Sunday, January 13, 2019

Katz v. United States case brief

Katz v. United States case brief summary
Katz would place sports bets across the country that violated federal law. Police taped the phone calls 

The government here is saying there was no papers, houses, places, or effects.

4th ammendment: a person has a reasonable expectation to privacy.
This particular case focuses on Privacy rather than search and seizure.
He went in the booth and closed the door, expecting privacy 
An electronic, as well as physical intrusion into a place that is in this sense private, may constitute a violation of the 4th amendment.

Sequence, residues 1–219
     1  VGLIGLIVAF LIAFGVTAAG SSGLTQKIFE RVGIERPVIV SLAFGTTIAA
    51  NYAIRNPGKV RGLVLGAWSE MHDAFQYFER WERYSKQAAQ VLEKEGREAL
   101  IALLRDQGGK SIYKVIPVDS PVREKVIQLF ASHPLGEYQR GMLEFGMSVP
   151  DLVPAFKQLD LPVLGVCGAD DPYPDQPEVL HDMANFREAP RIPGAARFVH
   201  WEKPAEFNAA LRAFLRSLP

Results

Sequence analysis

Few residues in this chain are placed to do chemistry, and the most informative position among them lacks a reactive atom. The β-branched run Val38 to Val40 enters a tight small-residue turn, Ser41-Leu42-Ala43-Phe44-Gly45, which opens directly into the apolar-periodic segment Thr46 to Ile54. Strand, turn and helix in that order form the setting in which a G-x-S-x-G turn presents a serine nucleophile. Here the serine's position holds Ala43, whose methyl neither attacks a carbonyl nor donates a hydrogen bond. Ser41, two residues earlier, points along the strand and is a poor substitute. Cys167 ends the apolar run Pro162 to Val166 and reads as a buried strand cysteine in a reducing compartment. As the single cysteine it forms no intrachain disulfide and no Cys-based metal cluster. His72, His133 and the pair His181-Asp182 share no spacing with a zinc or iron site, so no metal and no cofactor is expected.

First question: Was there a search or a seizure?   Does the 4th amendment even apply?
First: did the person exhibit an actual expectation of privacy (subjective)?

Second: Was the search or seizure reasonable? 
This search was unreasonable because they did not have a warrant, making it unreasonable.

It is presumptively unreasonable if there is no warrant 
They probably didn’t get a warrant because the Olmsted said it's not needed
Third: what remedy is appropriate?

This conversation was neither searched nor seized. 
What one attempts to keep private and has a reasonable expectation of privacy, they are protected by the 4th am. 
When the goverment listened to his private conversations, they intruded on his reasonable expectation of privacy 
In this case, they should have gotten a warrant first.

Now what? Because listening to this conversation led to his conviction, he must be acquitted.

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